Then there is just plain luck.  That was where things got extra frustrating for me. Editors did like my stuff, it just that the timing was always crap and something popped up to get in the way.

Back in the summer of 2000 I flew from New York to Chicago in the hope that my first big American comics convention as an aspiring writer will also be my last. The next time I will be on the other side, talking on panels and signing books. Technically that might still be true as that convention was so far my only comics convention in the States. I attended a few more over the next few years, but on the other side of the Atlantic.

In New York I stayed with my aunt and uncle whom I knew fairly well. In Chicago I stayed with cousins of my mother's whom I had never met. It was convenient, but also a bit awkward. My mom’s cousin was very nice and I spent the first evening watching her daughter's extremely cheesy wedding video. I must say that both bride and groom looked good enough to be movie stars, so at least I could make some small talk about how attractive they were.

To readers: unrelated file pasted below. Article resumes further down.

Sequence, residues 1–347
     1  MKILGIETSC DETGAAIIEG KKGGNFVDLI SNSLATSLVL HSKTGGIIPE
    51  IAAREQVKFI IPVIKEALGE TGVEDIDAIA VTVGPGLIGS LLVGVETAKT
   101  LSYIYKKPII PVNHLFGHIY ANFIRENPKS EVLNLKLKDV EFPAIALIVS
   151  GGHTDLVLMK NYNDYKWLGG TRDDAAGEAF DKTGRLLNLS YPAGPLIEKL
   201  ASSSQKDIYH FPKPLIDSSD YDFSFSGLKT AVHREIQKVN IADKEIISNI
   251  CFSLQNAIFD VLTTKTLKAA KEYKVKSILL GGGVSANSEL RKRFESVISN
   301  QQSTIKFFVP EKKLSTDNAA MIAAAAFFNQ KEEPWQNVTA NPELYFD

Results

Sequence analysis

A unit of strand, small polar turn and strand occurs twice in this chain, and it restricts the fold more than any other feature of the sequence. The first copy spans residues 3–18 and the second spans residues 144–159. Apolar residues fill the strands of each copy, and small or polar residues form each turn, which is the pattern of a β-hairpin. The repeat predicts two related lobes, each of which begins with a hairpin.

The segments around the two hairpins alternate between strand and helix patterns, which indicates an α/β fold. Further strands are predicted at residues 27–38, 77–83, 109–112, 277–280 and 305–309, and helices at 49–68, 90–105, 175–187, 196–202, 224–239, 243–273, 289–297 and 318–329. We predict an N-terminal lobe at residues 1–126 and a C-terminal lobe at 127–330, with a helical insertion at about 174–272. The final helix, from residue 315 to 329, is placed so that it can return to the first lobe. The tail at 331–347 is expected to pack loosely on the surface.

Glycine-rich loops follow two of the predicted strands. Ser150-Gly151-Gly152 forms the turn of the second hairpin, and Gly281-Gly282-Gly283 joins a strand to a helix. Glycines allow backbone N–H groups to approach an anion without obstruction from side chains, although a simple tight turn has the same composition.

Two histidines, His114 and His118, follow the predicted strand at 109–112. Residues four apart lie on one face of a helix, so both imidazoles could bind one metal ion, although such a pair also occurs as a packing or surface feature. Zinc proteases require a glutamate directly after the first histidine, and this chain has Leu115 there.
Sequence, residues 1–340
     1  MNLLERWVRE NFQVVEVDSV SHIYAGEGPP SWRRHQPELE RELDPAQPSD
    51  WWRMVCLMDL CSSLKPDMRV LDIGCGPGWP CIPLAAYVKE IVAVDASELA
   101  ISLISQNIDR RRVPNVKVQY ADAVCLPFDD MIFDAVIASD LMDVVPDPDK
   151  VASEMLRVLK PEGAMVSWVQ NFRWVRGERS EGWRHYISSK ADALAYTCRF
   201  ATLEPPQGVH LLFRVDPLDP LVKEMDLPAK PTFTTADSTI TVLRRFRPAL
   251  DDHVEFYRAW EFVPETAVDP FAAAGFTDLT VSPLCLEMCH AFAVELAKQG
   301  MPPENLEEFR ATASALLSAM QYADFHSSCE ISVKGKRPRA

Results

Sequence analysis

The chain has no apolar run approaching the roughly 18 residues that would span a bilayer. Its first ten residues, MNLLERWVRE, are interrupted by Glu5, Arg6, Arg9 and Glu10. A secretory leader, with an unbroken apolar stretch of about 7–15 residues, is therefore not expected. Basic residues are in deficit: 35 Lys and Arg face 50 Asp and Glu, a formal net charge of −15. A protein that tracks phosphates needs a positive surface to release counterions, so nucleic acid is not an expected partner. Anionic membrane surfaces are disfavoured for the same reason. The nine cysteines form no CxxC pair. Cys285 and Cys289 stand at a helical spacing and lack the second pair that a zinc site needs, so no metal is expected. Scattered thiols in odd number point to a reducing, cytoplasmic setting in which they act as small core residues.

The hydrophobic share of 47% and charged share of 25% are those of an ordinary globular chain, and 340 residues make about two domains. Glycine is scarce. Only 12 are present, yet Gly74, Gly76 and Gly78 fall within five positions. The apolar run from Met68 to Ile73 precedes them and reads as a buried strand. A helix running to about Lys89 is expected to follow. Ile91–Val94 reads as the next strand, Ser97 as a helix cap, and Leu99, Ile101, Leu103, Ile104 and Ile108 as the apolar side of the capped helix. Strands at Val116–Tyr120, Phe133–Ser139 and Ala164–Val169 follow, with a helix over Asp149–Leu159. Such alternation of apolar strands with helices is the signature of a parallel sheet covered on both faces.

Back in the day I was a regular poster on the same Spider-Man message board I mentioned earlier and some of us have agreed to meet at the convention, maybe even get together for dinner. Unfortunately no proper meeting place or time were agreed, so I managed to meet only one fellow poster and we kinda sort of hang out together, but mostly did our own thing. So for the majority of the time I was walking around alone among the many booths and attractions. There was the usual cosplay nonsense of people dressed up as their favourite characters and embarassing stuff like a female wrestling arena with tons of fat dorky guys watching two hot babes wrestling. I sat down at a couple of panels with creators I liked, but for the most part I was focused on my goal.

My main target was Joe Quesada. It was just before he became Marvel’s Editor in Chief, but, heading Marvel Knights, he was still an important person. I had exchanged a couple of e-mails with him in the past and written a couple of entertaing letters for his books so I hoped my name might ring a bell when I introduced myself. Regardless I had a piece of paper with three pitches which I intended to give him in person. For that I needed to stand in line like a good boy and do that when I handed him over a book to sign. I had no comics with me yet, so I had to buy one book that Quesada worked on.